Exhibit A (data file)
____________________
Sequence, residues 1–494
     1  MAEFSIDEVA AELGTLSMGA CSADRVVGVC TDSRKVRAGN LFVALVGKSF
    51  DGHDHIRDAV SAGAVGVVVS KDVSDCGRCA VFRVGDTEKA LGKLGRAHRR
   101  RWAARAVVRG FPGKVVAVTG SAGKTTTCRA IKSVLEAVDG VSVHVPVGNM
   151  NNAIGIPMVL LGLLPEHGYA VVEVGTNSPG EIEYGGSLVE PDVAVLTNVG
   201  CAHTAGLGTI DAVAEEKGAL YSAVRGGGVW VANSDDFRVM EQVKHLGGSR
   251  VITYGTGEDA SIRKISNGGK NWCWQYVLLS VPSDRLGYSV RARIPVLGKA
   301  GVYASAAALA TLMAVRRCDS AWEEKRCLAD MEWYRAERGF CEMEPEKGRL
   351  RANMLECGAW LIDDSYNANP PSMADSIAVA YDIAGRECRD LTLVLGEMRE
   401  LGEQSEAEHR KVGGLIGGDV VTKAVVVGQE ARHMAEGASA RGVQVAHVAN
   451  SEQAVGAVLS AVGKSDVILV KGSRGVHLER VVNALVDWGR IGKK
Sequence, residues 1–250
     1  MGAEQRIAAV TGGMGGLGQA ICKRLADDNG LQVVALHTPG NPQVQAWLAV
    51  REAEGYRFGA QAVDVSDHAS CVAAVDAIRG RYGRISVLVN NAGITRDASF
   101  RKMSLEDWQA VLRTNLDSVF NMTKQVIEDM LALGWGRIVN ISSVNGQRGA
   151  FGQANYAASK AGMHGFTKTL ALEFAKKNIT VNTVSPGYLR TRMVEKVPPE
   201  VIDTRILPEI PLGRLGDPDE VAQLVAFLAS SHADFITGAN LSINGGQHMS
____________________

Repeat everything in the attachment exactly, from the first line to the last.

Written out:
Sequence, residues 1–494
     1  MAEFSIDEVA AELGTLSMGA CSADRVVGVC TDSRKVRAGN LFVALVGKSF
    51  DGHDHIRDAV SAGAVGVVVS KDVSDCGRCA VFRVGDTEKA LGKLGRAHRR
   101  RWAARAVVRG FPGKVVAVTG SAGKTTTCRA IKSVLEAVDG VSVHVPVGNM
   151  NNAIGIPMVL LGLLPEHGYA VVEVGTNSPG EIEYGGSLVE PDVAVLTNVG
   201  CAHTAGLGTI DAVAEEKGAL YSAVRGGGVW VANSDDFRVM EQVKHLGGSR
   251  VITYGTGEDA SIRKISNGGK NWCWQYVLLS VPSDRLGYSV RARIPVLGKA
   301  GVYASAAALA TLMAVRRCDS AWEEKRCLAD MEWYRAERGF CEMEPEKGRL
   351  RANMLECGAW LIDDSYNANP PSMADSIAVA YDIAGRECRD LTLVLGEMRE
   401  LGEQSEAEHR KVGGLIGGDV VTKAVVVGQE ARHMAEGASA RGVQVAHVAN
   451  SEQAVGAVLS AVGKSDVILV KGSRGVHLER VVNALVDWGR IGKK
Sequence, residues 1–250
     1  MGAEQRIAAV TGGMGGLGQA ICKRLADDNG LQVVALHTPG NPQVQAWLAV
    51  REAEGYRFGA QAVDVSDHAS CVAAVDAIRG RYGRISVLVN NAGITRDASF
   101  RKMSLEDWQA VLRTNLDSVF NMTKQVIEDM LALGWGRIVN ISSVNGQRGA
   151  FGQANYAASK AGMHGFTKTL ALEFAKKNIT VNTVSPGYLR TRMVEKVPPE
   201  VIDTRILPEI PLGRLGDPDE VAQLVAFLAS SHADFITGAN LSINGGQHMS